Wednesday, April 22, 2009
Yet more about edges
Here's a recent painting of mine. I did this next to the historic' Fort Moultrie near Charleston South Carolina. Fort Moultrie was bombarded in both the revolutionary and the civil wars. I will use this painting to show you some softened edges. Below is a detail of the sky.
There are several different types of edges in this passage. The first and most obvious is the clouds at the top of the detail. I pulled them together as I painted them, with the same large bristle brush . I put them into the wet sky so the whole thing went down in one go. If it had not all been done at once I would have been unable to soften the clouds into the sky. Sometimes people call this wet into wet. I don't, because when I hear that I think of "method" painters . The ones with their books at the local craft supply barn.
The second set of soft edges are created by dragging the tops of the stunted trees up over the sky. Rather than blending the two together with a brush, I let the color break over the sky note below it, to represent the fine haze of branches there. I also threw some sky color into the mixture I used to do this. Thay way the two notes were not so different. They shared a common element and were close together in value.
I have blurred the ocean and the sky together at the horizon to get that to recede.
There are other edge games going on in here also. In the grass I am throwing different colors of the same value over one another giving in effect soft edges. I am also throwing in real hard edges there. I have for instance put a dark shadow under that bush and then pulled the grass up over it and left it as a crisp accent stroke.
Lastly if you look at the upper right hand corner of that bush you will see I have "loaded" the paint there with my palette knife. That gives me a super hard edge to serve as a contrast to my soft edges. I want a bone or two in there. If I used only soft edges I would get a weak kind of painting. Although soft paintings can look very real they can also look vapid, insipid, noncommittal, fluffy poodle like and indecisive. You don't want that. Dynamic paintings contain a variety of edges.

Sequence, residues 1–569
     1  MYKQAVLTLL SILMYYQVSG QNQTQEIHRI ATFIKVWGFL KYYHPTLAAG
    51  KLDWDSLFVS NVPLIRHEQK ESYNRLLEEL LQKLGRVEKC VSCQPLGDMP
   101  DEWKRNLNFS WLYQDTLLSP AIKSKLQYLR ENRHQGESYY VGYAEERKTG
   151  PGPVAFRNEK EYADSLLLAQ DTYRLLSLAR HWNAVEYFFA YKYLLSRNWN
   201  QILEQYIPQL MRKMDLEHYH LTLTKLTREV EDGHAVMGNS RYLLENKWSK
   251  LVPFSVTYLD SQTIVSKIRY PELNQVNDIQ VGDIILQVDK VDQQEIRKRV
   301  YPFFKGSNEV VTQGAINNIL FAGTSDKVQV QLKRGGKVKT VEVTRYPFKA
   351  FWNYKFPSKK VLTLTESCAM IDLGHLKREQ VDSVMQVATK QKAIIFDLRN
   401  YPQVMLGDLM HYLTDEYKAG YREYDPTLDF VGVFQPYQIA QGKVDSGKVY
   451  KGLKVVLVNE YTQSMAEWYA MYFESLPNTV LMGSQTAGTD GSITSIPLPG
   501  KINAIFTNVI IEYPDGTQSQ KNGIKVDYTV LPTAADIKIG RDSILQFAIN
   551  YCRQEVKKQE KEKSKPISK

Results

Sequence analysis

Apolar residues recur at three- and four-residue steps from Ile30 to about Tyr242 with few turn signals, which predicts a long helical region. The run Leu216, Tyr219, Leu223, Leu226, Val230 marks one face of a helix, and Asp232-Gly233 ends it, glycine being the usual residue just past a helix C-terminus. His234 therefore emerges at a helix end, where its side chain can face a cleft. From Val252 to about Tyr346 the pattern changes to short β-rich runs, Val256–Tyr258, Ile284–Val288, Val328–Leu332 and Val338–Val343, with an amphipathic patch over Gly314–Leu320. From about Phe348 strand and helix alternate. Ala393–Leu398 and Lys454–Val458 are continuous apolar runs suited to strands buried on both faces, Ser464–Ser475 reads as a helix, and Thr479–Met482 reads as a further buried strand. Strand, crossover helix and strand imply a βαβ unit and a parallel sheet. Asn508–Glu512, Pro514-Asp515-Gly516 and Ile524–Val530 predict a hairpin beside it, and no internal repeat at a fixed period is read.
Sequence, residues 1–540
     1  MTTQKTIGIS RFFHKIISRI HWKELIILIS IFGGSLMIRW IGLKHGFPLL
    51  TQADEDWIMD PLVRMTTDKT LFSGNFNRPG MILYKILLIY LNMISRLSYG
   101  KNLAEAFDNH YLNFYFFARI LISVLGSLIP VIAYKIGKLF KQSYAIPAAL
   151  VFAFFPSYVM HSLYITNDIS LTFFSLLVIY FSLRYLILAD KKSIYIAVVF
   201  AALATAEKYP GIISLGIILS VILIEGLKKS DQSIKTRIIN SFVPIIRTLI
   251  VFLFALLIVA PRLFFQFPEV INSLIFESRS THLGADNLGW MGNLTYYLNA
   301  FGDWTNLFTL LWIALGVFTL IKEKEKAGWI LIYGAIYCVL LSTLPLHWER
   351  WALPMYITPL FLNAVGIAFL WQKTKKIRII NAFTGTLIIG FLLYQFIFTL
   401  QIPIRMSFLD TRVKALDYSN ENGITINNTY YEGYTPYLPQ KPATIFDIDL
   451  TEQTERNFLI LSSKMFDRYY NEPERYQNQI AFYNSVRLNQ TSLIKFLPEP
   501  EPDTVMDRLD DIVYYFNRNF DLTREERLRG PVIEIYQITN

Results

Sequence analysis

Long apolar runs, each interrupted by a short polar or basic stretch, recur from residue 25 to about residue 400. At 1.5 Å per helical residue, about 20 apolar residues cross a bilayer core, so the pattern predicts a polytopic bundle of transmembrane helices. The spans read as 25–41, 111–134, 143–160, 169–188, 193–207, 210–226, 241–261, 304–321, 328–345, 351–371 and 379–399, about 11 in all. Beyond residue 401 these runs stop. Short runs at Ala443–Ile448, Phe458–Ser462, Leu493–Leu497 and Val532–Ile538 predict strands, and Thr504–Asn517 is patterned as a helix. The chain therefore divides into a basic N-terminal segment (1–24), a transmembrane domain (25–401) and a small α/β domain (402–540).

With every note I lay on the canvas I ask myself a list of questions. I will give you that in a later post. But one of the questions on it is." What about the edge?" If the edge is not right the brushstroke is not right. I consider my edges with every stroke I lay on a painting, just like I do color and value. If you handle your edges on the" fly" it becomes automatic and you get the edge right while the passage is still wet. An overly hard edge in a passage can command so much attention that you see it, instead of another fault lurking nearby. When you soften that edge you become aware of the concealed problem, and can fix that.
I guess I will say it one more time just to make sure you have the concept because it is crucial.
YOU CANNOT OBSERVE EXPRESSIVE EDGES INTO A PAINTING. THEY MUST BE INSTALLED.
IN ORDER TO DO THAT YOU MUST OBSERVE, THINK AND THEN DECIDE.
See you all tomorrow.,